Monday 10 June 2024

Paying lip service

Giving lip-service to Nazi engagement.   

Hans Edler had this down to a fine art. He would always say “Heil Edler” rather than Heil Hitler.” He probably mumbled in order to get away with it.

Many of the examples of this in the Schellberg books come from anecdotes that Renate James, née Edler recited to us.

It spooked his wife; she thought someone would hear and they would get into a lot of trouble about it. He didn’t worry though. His salute remained firm and “Edler” probably sounded enough like “Hitler” for it to be convincing.

And then there is some story-telling. Notably there is the incident of him doing this when the telegram boy arrives. His wife remonstrates with him. This begins a little light relief in the text. There is some foreshadowing here; a later telegram will say that Hani has chicken pox and Renate cannot come to visit. Renate knows that this cannot be true; she and Hani have both already had chicken pox. Something sinister is going on.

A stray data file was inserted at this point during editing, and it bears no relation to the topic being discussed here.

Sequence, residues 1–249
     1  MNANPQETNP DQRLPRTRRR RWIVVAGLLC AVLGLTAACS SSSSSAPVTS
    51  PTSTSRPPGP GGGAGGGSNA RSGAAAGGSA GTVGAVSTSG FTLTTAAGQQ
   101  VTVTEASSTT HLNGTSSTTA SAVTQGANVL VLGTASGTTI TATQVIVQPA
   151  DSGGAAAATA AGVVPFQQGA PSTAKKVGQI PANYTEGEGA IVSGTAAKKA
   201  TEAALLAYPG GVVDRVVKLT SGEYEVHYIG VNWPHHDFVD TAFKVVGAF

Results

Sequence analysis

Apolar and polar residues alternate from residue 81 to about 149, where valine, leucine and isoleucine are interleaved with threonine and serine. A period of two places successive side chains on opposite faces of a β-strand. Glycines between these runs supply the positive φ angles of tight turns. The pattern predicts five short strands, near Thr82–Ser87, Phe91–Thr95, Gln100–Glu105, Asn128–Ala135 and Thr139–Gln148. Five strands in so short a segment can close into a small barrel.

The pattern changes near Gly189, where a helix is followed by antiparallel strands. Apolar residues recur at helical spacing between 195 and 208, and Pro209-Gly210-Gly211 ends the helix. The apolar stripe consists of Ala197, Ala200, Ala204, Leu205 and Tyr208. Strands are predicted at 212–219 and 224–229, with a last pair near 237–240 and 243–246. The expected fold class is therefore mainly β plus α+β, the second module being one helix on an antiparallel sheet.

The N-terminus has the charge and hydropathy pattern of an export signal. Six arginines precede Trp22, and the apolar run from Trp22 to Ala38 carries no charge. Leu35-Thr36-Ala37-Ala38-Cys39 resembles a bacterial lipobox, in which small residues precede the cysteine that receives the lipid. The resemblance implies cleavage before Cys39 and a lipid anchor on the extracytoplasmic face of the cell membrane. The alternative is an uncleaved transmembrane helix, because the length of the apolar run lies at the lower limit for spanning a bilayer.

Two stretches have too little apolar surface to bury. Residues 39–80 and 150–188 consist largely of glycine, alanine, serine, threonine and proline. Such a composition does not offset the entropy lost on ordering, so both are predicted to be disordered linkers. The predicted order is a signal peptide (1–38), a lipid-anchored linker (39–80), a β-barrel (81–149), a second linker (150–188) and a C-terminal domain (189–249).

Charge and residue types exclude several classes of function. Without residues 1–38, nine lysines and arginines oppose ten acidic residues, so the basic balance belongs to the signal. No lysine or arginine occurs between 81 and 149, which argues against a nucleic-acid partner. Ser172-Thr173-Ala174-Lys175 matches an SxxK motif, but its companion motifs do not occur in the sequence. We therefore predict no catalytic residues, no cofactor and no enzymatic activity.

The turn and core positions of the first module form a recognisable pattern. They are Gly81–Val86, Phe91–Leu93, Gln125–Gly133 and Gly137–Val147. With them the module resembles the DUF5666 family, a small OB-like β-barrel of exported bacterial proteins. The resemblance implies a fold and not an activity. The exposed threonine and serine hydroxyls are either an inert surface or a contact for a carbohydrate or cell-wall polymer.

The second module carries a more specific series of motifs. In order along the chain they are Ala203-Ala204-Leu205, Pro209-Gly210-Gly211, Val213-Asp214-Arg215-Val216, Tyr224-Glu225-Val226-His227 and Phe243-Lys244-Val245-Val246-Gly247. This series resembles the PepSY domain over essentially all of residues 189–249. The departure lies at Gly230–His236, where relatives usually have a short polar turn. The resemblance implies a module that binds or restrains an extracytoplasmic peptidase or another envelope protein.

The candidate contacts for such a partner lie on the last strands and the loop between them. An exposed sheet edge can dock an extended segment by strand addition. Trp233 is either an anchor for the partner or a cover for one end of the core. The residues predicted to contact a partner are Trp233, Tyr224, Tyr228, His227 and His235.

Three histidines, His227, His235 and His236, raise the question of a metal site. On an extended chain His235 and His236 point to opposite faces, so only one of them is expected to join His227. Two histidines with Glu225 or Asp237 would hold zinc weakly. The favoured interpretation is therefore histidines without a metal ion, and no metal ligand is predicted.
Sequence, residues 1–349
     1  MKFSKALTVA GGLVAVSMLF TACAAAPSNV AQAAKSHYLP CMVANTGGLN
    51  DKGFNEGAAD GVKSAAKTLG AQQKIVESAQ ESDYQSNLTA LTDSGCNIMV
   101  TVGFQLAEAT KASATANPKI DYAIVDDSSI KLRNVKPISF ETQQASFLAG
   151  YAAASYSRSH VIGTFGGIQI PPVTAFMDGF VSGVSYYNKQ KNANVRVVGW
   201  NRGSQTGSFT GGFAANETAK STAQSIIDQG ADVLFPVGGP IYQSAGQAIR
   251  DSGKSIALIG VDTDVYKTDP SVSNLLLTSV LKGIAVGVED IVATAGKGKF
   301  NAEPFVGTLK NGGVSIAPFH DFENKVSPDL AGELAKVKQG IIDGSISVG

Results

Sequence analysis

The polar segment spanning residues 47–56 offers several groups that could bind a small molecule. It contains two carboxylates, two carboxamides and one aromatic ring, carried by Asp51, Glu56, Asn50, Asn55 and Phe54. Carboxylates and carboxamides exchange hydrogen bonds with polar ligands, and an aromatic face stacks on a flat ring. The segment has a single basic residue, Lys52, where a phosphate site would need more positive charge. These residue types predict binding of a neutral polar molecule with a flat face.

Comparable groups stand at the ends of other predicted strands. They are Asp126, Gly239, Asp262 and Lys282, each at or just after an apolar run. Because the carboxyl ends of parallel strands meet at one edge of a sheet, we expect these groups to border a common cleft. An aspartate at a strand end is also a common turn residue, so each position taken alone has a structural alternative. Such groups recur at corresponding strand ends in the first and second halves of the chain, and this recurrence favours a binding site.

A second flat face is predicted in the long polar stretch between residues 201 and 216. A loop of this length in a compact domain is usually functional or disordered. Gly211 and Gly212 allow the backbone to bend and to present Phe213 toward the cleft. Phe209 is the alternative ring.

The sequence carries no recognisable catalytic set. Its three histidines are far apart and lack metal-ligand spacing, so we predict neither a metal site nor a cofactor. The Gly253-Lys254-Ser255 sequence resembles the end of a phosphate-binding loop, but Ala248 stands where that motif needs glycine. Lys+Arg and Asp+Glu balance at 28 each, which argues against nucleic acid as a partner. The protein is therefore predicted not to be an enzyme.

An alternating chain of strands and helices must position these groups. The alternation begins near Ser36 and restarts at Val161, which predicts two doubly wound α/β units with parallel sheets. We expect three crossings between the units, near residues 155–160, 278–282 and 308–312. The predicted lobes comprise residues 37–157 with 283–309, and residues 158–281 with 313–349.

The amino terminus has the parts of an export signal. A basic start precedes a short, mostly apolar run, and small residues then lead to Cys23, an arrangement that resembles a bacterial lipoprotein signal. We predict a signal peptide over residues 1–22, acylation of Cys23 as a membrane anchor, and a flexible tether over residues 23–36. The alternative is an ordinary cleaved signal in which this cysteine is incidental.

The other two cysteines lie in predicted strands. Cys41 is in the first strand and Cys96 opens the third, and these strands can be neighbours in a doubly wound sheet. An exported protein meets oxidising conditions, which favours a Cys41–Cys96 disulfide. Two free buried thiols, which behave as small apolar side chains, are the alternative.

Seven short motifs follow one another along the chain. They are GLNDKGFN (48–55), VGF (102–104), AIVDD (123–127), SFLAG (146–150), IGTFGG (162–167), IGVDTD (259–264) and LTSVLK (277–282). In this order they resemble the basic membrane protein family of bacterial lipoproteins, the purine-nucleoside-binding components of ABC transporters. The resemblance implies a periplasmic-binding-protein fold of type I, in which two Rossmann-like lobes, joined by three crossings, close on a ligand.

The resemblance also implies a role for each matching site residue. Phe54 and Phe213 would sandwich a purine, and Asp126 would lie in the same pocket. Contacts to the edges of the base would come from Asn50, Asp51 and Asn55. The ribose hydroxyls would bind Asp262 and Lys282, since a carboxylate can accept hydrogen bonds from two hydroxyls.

Käthe Edler finds  herself accidentally at one of the Nuremberg rallies she is astounded that she actually also says Edler just as her  husband always did.  Again when she comes face to face with the Führer she uses Edler.

Hans Edler was cautious; he at least raised his arm like a good Nazi should. His daughter was an entirely different matter; she refused to do the Hitler salute at all. This may have been partly to do with her teachers. They hid her in plain sight. Yet they felt they couldn’t force her to join the BDM or salute the Führer. It wouldn’t be right for a young Jewish girl.

One can imagine as well, some households where rather than saluting the dictator they cursed him – in private, behind closed doors and under four eyes.           

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